Chocolate chips would be a great addition! Add a cup of chocolate chips to the batter and fold them in before baking for a delicious chocolate chip pumpkin bread. Other optional add in’s could be chopped walnuts or pecans, dried cranberries or raisins. Keep any add-in’s to around a cup in total.
Sure, if you’d like to make this pumpkin bread gluten-free then use a gluten-free all purpose flour blend. Something like Bob’s Red All Purpose Baking Flour would work well. It must be a blend that is meant to replace regular flour in baking. Don’t use something like coconut flour as that will not work well.
Yes you can! This recipe only uses 1/4 cup of oil and it can easily be replaced with 1/4 cup of applesauce for an oil-free option.
Keep it stored in an airtight container at room temperature and it will stay fresh and delicious for a few (3-4) days. It can also be stored in an airtight container in the fridge for up to a week.
Yes! It is freezer friendly for up to 3 months.
More Delicious Vegan Pumpkin Recipes
- Vegan Pumpkin Muffins
- Vegan Pumpkin Cookies
- Vegan Pumpkin Cheesecake
- Vegan Pumpkin Cake
- Vegan Pumpkin Pie
- Vegan Pumpkin Pancakes
Vegan Pumpkin Bread
- 2 cups All Purpose Flour (250g)
- 1/2 cup White Granulated Sugar (100g)
- 1/2 cup Light Brown Sugar (100g)
- 3 tsp Baking Powder
- 2 tsp Ground Cinnamon
- 1/2 tsp Nutmeg
- 1/4 tsp Ground Cloves
- 1/4 tsp Ground Ginger
- 1/2 tsp Salt
- 1 and 1/2 cups Pumpkin Purée (337g) Canned or fresh
- 1/4 cup Canola Oil (60ml) or Vegetable Oil
- 1 tsp Vanilla Extract
- 1 Flax Egg 1 Tbsp Ground Flaxseed Meal + 3 Tbsp Hot Water
- 1/2 ounce Pumpkin Seeds (14g) Pepitas
- Preheat the oven to 350°F (180°C).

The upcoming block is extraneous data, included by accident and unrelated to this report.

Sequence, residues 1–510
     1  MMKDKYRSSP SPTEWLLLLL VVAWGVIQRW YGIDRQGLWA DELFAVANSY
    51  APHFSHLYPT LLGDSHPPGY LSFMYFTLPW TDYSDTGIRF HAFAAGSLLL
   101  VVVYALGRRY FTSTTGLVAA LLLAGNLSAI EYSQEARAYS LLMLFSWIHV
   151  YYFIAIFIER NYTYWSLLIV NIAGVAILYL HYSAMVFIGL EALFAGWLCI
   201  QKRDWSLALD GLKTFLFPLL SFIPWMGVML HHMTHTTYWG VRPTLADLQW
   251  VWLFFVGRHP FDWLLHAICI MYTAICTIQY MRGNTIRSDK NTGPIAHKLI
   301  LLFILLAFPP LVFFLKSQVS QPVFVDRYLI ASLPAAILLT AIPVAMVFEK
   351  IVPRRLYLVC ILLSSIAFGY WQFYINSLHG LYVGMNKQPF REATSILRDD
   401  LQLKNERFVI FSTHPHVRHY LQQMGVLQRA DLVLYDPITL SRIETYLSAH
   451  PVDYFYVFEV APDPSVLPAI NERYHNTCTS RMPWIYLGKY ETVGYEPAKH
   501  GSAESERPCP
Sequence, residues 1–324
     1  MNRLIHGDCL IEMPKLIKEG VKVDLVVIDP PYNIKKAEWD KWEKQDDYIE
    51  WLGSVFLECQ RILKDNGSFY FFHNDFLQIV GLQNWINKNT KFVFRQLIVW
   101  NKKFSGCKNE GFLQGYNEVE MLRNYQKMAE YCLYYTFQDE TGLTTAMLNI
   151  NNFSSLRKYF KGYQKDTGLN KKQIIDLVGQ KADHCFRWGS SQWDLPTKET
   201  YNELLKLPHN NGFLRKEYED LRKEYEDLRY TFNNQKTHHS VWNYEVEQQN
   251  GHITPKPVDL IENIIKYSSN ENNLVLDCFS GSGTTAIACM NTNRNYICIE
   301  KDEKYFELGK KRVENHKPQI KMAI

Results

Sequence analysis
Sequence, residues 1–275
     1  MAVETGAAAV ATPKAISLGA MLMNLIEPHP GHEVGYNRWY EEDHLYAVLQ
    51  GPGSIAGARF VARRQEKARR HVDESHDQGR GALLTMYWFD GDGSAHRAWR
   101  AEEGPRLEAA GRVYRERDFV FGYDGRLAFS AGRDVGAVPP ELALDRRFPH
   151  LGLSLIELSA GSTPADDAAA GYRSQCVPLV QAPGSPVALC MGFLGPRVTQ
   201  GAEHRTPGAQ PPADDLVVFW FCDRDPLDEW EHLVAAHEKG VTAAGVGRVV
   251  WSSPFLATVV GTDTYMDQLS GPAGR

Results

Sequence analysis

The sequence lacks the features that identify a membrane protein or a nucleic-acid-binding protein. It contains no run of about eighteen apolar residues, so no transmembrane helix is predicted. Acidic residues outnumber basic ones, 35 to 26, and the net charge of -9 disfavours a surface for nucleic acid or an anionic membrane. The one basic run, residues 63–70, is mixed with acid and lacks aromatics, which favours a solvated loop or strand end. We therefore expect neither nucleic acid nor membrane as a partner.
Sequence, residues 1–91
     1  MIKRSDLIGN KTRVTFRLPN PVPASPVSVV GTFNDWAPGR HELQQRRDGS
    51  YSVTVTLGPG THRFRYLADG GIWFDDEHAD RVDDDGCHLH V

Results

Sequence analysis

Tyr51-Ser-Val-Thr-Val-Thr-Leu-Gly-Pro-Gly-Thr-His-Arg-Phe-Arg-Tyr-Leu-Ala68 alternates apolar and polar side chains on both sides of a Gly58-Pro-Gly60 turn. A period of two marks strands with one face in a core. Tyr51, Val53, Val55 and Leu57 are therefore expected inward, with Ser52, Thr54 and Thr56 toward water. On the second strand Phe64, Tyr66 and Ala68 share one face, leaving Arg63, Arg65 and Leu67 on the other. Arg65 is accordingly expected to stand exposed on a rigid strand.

- Sift the flour into a mixing bowl and add the white and brown sugar, baking powder, cinnamon, nutmeg, cloves, ginger and salt and mix together.
- Prepare your flax egg by adding 1 Tbsp ground flaxseed meal to a bowl and then adding in 3 Tbsp of hot water from the kettle, leave to sit for a minute or so to become gloopy.
- Add in the pumpkin purée, oil, vanilla and flax egg and mix in. The batter will be very thick, but have patience and mix in carefully and it will combine properly. Mix until just combined and don't overmix.
- Spray a 9×5 loaf pan with non-stick spray and then line it with parchment paper so that the parchment paper hangs over the sides, so that when the pumpkin bread is baked, you can easily lift it out of the loaf pan using the parchment paper.
- Transfer the batter from the mixing bowl to the loaf pan and smooth down evenly.
- Sprinkle pumpkin seeds (pepitas) over the top.
- Place into the oven and bake for 60 minutes or until a toothpick inserted into the center comes out clean. If it shows any signs of over-browning then tent it with foil (see notes)* at the 40 minute mark and return to the oven for the remaining 20 minutes.
- Lift the pumpkin bread out with the parchment paper overhang and place onto a wire cooling rack to cool before slicing.
- I have made this bread with different oils including olive oil (as in the video) which has worked out great for me. However, depending on the brand, olive oil can sometimes leave an aftertaste, which is why I now prefer to recommend canola oil or vegetable oil. However, most oils will work in this recipe including coconut oil. If you use coconut oil then make sure it is melted first.
- Canned pumpkin purée is the easiest pumpkin to use, but if you can't get canned pumpkin purée you can make it yourself - put peeled and cubed pumpkin in the oven on a parchment lined baking tray, as is, don't add any spices or oils, and bake for 30 minutes at 350°F (180°C). Let it cool and then purée it in the food processor. Let it stand in a sieve over a bowl to let any excess water drip off.
- An alternative option to a flax egg is to use 3 Tbsp applesauce instead.
- Tenting with foil just means to put foil loosely over the top in a 'tent' shape so that it doesn't press down on the bread from the top.
- This recipe was first published in September 2018.